New satellite image analysis estimates the Arctic ice is the fourth-lowest it's ever been.
It’s not the worst it’s ever been but it’s certainly not good. The National Snow and Ice Data Center announced on Wednesday that the Arctic sea ice had reached its annual minimal extent, and it was the fourth worst in recorded history.
As the Washington Post reports, the annual minimal extent was reached on September 11 at 1.7 million square miles. That was lower than any other year in history except 2007, 2011, and the worst year ever, 2012. This year was over 600,000 square miles less than the national average set between 1981 and 2010.
Most alarmingly, the lowest extents have all occurred recently. The NSIDC wrote that, “the nine lowest extents in the satellite area have all occurred in the last nine years.” The trend continued this year despite there being no major event to trigger a low ice level.
“It’s showing us that the Arctic is truly evolving from a different state,” NSIDC’s Ted Scambos said. “Even relatively typical summers in the Arctic lead to relatively low ice extents.”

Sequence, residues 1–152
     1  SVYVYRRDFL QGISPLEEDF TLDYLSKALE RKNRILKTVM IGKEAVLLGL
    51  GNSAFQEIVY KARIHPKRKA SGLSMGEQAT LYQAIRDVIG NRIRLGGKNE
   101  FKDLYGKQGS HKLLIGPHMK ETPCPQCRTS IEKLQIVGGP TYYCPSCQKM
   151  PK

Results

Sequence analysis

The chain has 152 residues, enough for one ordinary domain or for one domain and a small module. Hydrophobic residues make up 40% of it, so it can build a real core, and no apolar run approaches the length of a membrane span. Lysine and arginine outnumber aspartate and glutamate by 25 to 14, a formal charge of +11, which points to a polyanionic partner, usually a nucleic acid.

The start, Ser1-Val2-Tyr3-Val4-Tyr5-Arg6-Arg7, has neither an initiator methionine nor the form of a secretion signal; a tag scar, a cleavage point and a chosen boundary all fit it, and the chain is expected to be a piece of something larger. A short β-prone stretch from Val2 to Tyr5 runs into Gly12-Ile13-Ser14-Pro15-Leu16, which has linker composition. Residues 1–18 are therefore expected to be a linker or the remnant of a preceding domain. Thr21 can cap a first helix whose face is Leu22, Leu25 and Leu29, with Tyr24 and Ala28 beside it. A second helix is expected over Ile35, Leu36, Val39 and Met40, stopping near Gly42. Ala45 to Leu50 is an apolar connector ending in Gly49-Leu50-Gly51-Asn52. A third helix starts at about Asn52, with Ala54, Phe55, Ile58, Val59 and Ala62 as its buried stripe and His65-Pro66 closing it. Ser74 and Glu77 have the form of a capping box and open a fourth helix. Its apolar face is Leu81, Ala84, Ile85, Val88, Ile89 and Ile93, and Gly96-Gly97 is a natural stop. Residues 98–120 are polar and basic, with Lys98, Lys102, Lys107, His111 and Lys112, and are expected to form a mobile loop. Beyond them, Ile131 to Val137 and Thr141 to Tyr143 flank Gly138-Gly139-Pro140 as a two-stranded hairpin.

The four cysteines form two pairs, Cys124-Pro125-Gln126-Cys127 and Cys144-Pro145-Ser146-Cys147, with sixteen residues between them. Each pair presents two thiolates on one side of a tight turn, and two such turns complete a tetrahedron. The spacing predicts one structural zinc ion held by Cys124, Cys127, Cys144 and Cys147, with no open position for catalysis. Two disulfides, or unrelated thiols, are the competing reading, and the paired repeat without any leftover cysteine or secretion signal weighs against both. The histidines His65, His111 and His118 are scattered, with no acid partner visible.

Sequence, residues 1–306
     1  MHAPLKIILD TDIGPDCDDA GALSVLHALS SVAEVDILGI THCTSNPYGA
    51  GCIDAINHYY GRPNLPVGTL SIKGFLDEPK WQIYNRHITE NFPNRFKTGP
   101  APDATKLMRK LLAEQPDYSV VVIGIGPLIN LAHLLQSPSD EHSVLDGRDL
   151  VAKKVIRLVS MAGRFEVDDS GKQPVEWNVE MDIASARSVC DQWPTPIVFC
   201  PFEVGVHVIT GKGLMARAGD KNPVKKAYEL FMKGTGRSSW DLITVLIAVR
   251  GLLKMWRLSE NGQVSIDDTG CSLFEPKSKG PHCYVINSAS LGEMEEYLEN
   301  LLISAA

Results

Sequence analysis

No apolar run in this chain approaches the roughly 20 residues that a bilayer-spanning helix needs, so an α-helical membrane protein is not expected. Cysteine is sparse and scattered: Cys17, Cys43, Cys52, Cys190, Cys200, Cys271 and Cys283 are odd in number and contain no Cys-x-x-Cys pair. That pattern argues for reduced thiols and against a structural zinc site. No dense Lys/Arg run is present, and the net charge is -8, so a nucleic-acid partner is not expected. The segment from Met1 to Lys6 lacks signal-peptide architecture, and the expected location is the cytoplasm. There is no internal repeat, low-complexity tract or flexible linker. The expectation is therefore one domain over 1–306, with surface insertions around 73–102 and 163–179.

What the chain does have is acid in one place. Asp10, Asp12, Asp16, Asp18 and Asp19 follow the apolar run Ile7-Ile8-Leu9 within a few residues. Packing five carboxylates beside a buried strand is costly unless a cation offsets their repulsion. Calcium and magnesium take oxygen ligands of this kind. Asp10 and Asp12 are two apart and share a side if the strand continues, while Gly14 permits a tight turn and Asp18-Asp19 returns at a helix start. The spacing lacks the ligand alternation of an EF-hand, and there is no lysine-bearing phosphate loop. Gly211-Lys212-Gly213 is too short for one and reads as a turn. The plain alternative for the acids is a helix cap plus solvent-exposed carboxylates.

The Arctic ice extent both reflects and influences our planet. Scientists believe it is one of the most tangible results of an overall warming Earth. As the ice shrinks, it takes away valuable habitat for animals such as walruses. It is also suspected that the level of ice affects atmospheric circulation and therefore northern hemisphere weather.
In other words, the ice doesn’t lie: Earth is changing, and probably not for the better.